1st Edition

Conservation of Architectural Ironwork





ISBN 9780367873776
Published December 12, 2019 by Routledge
280 Pages

USD $54.95

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Book Description

The peak of architectural ironwork in the 19th Century saw the spread of ornate decorative ironwork across the world. In recent years there has been a significant increase in conservation and restoration projects aiming to protect the artistry of traditional ironwork for future generations. Conservation of Architectural Ironwork is the first book to provide a complete guide to the conservation and maintenance of traditional architectural ironwork.



First introducing the contextual history and key material features of architectural ironwork, the book goes on to guide readers through the management and delivery of conservation projects from start to finish, explaining the very latest in conservation technology. At its peak, architectural ironwork was used on a vast global scale in buildings, bridges, street furniture and ornamental structures. With international case studies and detailed illustrations, this book will be an essential reference for heritage professionals and students of architectural conservation around the world.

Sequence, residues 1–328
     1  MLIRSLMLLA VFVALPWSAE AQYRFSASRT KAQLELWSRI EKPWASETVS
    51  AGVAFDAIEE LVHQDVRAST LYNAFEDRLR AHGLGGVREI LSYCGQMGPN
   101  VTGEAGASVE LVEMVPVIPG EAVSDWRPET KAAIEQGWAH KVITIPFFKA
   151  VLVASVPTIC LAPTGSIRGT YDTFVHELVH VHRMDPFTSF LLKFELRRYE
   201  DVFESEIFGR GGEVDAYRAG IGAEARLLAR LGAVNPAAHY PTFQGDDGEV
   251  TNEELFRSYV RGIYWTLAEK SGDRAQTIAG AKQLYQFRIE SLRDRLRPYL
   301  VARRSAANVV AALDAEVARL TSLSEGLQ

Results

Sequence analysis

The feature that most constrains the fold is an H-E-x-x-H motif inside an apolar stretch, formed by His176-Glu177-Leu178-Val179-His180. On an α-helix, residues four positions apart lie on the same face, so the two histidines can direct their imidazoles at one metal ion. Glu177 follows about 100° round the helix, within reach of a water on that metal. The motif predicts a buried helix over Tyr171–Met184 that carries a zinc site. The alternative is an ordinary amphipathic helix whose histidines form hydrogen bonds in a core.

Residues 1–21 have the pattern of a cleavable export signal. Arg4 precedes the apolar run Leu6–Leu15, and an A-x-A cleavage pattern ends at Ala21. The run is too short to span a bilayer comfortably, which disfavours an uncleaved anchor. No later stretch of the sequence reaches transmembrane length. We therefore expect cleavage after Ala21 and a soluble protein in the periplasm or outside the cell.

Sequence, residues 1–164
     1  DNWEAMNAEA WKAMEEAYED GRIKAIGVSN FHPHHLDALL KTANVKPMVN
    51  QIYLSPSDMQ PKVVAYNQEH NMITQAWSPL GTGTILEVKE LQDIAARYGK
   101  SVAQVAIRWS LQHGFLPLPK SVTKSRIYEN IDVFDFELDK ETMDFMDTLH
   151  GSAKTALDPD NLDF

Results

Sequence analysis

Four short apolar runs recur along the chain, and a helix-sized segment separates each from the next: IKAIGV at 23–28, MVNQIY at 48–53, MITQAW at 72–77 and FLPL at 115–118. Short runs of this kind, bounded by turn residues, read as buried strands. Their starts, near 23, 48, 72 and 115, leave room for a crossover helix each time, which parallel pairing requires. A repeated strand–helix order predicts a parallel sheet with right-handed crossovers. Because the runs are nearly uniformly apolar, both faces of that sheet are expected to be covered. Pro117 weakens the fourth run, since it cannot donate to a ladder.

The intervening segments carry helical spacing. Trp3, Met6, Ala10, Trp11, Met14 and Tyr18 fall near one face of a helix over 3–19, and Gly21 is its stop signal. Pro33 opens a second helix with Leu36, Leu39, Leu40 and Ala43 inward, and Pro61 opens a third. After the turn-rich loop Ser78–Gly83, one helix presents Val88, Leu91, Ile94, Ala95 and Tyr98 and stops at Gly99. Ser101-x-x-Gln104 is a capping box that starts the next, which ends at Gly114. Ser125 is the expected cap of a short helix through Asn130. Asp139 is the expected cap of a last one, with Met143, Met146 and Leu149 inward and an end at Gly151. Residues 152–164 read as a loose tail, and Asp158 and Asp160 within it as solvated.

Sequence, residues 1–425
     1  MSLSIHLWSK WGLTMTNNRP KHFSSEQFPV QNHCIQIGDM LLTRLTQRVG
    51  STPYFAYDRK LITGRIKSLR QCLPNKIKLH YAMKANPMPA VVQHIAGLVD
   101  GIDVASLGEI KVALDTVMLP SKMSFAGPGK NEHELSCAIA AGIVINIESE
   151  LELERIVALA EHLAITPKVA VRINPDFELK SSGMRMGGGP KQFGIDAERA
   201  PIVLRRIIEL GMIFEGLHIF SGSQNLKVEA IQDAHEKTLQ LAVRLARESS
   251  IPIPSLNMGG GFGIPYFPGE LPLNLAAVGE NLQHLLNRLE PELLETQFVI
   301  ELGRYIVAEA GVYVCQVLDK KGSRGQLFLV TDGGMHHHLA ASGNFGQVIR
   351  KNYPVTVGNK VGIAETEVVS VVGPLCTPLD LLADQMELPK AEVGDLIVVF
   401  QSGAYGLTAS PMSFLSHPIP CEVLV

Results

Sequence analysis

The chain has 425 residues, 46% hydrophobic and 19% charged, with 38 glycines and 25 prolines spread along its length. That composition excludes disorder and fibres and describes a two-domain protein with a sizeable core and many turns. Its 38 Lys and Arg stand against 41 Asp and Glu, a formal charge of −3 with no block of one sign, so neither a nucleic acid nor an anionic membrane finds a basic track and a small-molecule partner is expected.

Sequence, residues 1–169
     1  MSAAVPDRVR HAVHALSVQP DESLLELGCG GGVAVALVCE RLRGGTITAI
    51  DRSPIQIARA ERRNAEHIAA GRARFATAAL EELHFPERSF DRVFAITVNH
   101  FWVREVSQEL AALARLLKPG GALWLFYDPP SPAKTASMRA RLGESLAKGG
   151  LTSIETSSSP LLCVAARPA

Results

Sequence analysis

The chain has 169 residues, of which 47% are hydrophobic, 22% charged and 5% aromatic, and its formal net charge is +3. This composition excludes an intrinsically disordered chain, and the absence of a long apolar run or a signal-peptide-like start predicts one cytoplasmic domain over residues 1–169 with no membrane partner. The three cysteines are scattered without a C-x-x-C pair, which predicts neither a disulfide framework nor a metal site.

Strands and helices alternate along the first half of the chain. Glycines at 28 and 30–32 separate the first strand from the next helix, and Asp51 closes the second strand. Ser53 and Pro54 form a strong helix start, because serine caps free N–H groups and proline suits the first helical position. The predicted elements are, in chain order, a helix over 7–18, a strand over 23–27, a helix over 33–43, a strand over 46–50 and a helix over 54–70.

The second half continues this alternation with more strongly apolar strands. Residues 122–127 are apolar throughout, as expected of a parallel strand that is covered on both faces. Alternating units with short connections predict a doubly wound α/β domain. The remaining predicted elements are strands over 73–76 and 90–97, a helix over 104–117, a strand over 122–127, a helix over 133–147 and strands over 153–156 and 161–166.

Table of Contents

Acknowledgements.  Introduction.  1. History  2. Materials  3. Decay Mechanisms and Hazards  4. Survey and Research  5. Managing an Architectural Ironwork Project  6. Intervention  7. Replication of Architectural Ironwork  8. Characteristics and Common Issues  Bibliography.  Other Sources.  Glossary.  Index

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Author(s)

Biography

David S. Mitchell has worked in ironwork conservation for over 20 years and is currently Director of Conservation for Historic Environment Scotland, the national heritage body in Scotland.

Reviews

A well-thumbed copy of Conservation of Architectural Ironwork should be found on the shelves of all conservation practitioners. The philosophically robust, yet practical approach not only  provides a sound framework for the conservation of iron structures, it has a much wider potential application as a benchmark for developing approaches to the conservation of modern component-based buildings.

Robert Chambers, director of Chambers Conservation, Chester
Context 157: November 2018